"What is in that chest?"
Translation:Kio estas en tiu kesto?
Is there a way in Esperanto to use profanity as an intensifier?
e.g this sentence reminded me of the quote from the movie Se7en, and I was wondering if either of these would make sense:
"kio estas en la feka skatolo"
"kio estas en la damna skatolo"
Personally, I don't think of profanity as an "intensifier" in any language. To me it's more an indicator of the user's inability to express themselves otherwise. That said, I feel that your first example, given Esperanto's penchant for literal interpretation, might be severely misunderstood to suggest that the box is either made of or used for feko. The second would probably work better.
There is also the root diabl- which I've seen utilized as a sort of intensifier. "Kio estas en la diabla skatolo!" but mostly, when trying to suggest any level of "badness" -aĉ- and fi- do the job well enough.
However, I have to admit that I'm not anywhere where I can hear the language spoken outside of my house. Thus, you should freaking take my fecal suggestions darned advisedly.
In "kion" the -n implies the accusative. There's no action being taken here on anything, and as such, we don't need to denote one that is receiving it. An example that might not be the best but will hopefully get the point across is:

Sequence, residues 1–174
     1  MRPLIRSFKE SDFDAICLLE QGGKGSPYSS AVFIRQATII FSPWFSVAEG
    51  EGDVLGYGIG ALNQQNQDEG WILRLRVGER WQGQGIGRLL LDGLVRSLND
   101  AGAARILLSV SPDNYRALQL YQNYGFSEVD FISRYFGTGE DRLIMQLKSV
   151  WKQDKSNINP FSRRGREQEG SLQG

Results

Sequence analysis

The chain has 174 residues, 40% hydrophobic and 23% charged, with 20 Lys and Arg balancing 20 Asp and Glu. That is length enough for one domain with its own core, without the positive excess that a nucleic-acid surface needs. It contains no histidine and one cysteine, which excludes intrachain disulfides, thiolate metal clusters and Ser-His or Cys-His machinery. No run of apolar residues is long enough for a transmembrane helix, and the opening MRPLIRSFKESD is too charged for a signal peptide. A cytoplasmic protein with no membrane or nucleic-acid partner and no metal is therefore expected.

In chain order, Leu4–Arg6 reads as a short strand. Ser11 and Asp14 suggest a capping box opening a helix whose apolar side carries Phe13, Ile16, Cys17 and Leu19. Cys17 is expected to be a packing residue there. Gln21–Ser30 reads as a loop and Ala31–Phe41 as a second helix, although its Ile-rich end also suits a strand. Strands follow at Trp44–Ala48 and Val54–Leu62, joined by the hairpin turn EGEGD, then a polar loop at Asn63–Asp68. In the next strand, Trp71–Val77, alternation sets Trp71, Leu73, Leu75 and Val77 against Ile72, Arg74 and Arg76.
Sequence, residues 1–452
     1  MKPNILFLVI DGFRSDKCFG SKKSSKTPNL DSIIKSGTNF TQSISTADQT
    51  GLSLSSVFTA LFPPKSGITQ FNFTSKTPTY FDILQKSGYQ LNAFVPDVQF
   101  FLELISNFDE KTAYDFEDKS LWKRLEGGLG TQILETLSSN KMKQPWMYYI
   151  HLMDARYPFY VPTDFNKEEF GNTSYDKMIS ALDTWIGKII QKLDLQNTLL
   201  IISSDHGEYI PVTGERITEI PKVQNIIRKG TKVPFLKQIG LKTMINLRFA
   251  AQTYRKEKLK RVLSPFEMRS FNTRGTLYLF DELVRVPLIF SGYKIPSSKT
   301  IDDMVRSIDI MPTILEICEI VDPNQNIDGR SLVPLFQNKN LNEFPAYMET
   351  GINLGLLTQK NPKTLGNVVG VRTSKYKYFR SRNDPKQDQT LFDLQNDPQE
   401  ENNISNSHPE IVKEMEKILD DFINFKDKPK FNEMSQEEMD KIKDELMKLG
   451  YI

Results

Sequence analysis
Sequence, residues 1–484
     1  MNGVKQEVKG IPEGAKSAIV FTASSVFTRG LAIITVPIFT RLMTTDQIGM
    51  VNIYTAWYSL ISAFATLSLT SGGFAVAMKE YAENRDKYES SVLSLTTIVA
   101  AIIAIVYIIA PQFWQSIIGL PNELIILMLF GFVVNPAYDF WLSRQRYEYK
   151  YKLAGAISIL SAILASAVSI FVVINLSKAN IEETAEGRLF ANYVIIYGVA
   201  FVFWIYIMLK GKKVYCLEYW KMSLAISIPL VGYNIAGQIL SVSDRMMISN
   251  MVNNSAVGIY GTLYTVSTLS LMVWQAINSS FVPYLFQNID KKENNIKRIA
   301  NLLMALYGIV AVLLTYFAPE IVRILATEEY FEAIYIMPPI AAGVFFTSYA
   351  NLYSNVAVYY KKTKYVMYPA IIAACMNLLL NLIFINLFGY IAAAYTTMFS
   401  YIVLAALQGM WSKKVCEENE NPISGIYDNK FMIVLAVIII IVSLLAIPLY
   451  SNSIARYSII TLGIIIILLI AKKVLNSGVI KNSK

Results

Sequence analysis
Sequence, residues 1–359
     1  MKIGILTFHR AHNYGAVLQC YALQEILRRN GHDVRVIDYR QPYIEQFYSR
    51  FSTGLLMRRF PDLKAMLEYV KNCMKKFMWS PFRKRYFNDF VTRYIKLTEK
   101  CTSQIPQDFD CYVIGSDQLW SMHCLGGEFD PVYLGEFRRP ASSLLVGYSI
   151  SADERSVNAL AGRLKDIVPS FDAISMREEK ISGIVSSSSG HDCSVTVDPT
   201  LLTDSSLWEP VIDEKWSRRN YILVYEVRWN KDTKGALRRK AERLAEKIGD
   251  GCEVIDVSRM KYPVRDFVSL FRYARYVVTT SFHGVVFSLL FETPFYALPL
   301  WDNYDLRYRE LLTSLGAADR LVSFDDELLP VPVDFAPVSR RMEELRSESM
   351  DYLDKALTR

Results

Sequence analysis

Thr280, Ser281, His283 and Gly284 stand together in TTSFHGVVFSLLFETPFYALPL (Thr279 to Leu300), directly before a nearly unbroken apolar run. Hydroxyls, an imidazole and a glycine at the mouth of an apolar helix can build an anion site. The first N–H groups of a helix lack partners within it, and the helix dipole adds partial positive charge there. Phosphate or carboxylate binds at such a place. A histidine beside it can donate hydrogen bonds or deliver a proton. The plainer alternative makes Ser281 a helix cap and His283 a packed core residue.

"Li bezonas malfermi la keston." - He needs to open the chest. In this case, someone is opening something. With the "n" on "kesto," we know that the chest is being opened. If you wrote "Lin bezonas malfermi la kesto," the chest would be opening the guy, which is hilarious/disturbing, but wrong in most cases.
"Li estas en la kesto" - He is in the chest. There's no object being acted on, just the dude being in the chest. We don't need to worry about any ambiguity here, so the accusative isn't necessary.
Hope this helps.
Ĉar la vorto staras antaŭ substantivo. Oni ne povas havi du o-vortojn apud la alia.
Tio estas bona.
Tiu kesto estas bona.
Mi ŝatas vian respondon tre multe. Dankon, ĝi helpis min ankaŭ.
There's also "skatolo" and, with some mental flexibility, "ujo" which can mean "box," or simply "container for (something)".
There are a few words that mean box with various subtle differences.
ujo - jug, box, container, vessel skatolo - box (usually with a lid), case, tin kesto - (largish) box, chest